Ever wondered who came up with the idea of ‘word and deed mission’? A smelly imaginary 15-year-old, that’s who. We’re now over halfway through the 12-part series which originally ran in Youthwork magazine. I hope someone, somewhere is enjoying this. If you’re joining the story late, you might want to start here.
I’ve worked with young people, on and off, for the last eight years. When I was at Mitthögskolan University, I helped out with a church youth group in Örnsköldsvik, and learned how to teach the Bible. A year into my course, I did some street work with teenage heavy metal fans, and learned how to do body piercings. And then, when I was placed with the church back in Stockholm, I started a range of youth projects – from a Bible study club to a body piercing studio – and learned how to justify blowing my budget.
When I left for England, I assumed that all my experience with young people would stand me in good stead to do youth work here. But the trouble was, when I got here I couldn’t find anyone interested in studying the Bible, or indeed anyone willing to offer me a hot meal, let alone a budget. And if I got involved with the kind of body piercing they seem to like over here, I’d probably never be allowed to work with young people again.
So I’ve had to start from scratch. Gone are my preconceived ideas that youth work here would be the same as it was in my last job. Gone also is my ‘Torvald Thorgursson’s puncture-it-yourself’ home piercing kit. In their place are wide eyes and not inconsiderable fear. Instead of 40 smiling, well-bred Christian young people and a full-time salary, I’ve now got two new Christians who know as much about the Bible as they do about the digestive system of the penguin, and a depressingly small amount of spare time to spend with them. Big to small; rich to poor; Bible knowledge to penguin digestive knowledge. It’s all so different and confusing.
Despite the detached experience I had back in Örnsköldsvik, I have to admit I’ve always centred myself in a nice comfy church group. It’s always been the bedrock of everything I’ve done – a group of teenagers who, when my best laid plans for a young offenders dinner dance or a mixed sleepover have fallen apart, have always been there to make me look half-decent. But Dave and Tommy aren’t going to be that anytime soon. They’re great guys of course – bags of potential in both of them, and a real hunger to know God – but they’re just not, well, comfy. So we’ve had to take a different approach.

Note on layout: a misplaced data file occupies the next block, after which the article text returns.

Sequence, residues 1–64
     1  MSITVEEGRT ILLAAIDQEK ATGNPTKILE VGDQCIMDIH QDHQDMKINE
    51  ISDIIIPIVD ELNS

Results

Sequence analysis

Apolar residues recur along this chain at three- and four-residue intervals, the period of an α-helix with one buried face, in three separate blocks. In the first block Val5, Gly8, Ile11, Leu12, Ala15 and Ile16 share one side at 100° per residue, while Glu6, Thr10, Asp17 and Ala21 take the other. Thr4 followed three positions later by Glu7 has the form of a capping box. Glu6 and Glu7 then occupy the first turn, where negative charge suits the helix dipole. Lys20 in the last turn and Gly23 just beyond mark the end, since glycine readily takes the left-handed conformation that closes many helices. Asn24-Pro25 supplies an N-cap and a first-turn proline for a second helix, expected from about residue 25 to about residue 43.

I’ve already told you plenty about Dave – the guy who found God in a book, dresses like a Milanese artist, is reading and absorbing theology at a rate above the land-speed record, and is now on a one-man mission to save the world. I haven’t yet told you about Tommy – who Dave led to faith on the kerb outside St Eric’s, and who’s now harder to get rid of than a red wine stain on your mum’s new duvet. Small, round and seemingly lacking any concept of good personal hygiene, Tommy is 15 years old and not terribly smart. Following us (particularly Dave) around wherever we go like the bad smell that unfortunately follows him, he sits and listens to everything we say, nodding his head but replying with little. It’s only when you stop speaking, and ask him for his thoughts on the same subject, that you realise he’s actually been playing imaginary ping-pong in the inside of his head for the last ten minutes. It’s rather frustrating, but on faith issues he seems to have the attention span of an amnesiac gnat. Dave thinks he may have a demon.